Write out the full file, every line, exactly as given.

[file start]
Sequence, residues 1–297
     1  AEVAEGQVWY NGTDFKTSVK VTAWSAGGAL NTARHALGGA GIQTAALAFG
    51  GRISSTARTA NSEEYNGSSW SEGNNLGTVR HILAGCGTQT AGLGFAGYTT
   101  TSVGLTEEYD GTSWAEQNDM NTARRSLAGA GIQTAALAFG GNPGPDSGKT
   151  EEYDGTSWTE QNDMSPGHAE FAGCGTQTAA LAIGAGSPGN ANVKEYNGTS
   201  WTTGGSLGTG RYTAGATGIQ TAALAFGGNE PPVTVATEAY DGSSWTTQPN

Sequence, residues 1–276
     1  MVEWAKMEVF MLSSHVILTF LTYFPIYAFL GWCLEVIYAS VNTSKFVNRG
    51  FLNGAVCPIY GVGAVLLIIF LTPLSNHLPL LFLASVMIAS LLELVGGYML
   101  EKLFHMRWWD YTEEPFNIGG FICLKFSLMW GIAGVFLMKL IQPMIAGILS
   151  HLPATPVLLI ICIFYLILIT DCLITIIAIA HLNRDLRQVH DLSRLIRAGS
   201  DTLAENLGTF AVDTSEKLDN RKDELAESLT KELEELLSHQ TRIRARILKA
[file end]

Sequence, residues 1–297
     1  AEVAEGQVWY NGTDFKTSVK VTAWSAGGAL NTARHALGGA GIQTAALAFG
    51  GRISSTARTA NSEEYNGSSW SEGNNLGTVR HILAGCGTQT AGLGFAGYTT
   101  TSVGLTEEYD GTSWAEQNDM NTARRSLAGA GIQTAALAFG GNPGPDSGKT
   151  EEYDGTSWTE QNDMSPGHAE FAGCGTQTAA LAIGAGSPGN ANVKEYNGTS
   201  WTTGGSLGTG RYTAGATGIQ TAALAFGGNE PPVTVATEAY DGSSWTTQPN

Sequence, residues 1–276
     1  MVEWAKMEVF MLSSHVILTF LTYFPIYAFL GWCLEVIYAS VNTSKFVNRG
    51  FLNGAVCPIY GVGAVLLIIF LTPLSNHLPL LFLASVMIAS LLELVGGYML
   101  EKLFHMRWWD YTEEPFNIGG FICLKFSLMW GIAGVFLMKL IQPMIAGILS
   151  HLPATPVLLI ICIFYLILIT DCLITIIAIA HLNRDLRQVH DLSRLIRAGS
   201  DTLAENLGTF AVDTSEKLDN RKDELAESLT KELEELLSHQ TRIRARILKA